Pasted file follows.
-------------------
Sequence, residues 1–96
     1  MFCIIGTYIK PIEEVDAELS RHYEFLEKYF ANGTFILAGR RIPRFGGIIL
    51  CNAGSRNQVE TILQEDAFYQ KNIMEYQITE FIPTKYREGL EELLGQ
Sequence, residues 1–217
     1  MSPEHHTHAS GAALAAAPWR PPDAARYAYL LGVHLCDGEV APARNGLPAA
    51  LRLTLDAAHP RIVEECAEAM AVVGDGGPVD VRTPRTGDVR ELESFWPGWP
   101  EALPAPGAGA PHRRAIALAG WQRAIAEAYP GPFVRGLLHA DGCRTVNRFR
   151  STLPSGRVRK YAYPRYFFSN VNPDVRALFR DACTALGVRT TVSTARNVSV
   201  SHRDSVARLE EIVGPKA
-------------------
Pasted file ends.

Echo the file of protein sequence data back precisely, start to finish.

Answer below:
Sequence, residues 1–96
     1  MFCIIGTYIK PIEEVDAELS RHYEFLEKYF ANGTFILAGR RIPRFGGIIL
    51  CNAGSRNQVE TILQEDAFYQ KNIMEYQITE FIPTKYREGL EELLGQ
Sequence, residues 1–217
     1  MSPEHHTHAS GAALAAAPWR PPDAARYAYL LGVHLCDGEV APARNGLPAA
    51  LRLTLDAAHP RIVEECAEAM AVVGDGGPVD VRTPRTGDVR ELESFWPGWP
   101  EALPAPGAGA PHRRAIALAG WQRAIAEAYP GPFVRGLLHA DGCRTVNRFR
   151  STLPSGRVRK YAYPRYFFSN VNPDVRALFR DACTALGVRT TVSTARNVSV
   201  SHRDSVARLE EIVGPKA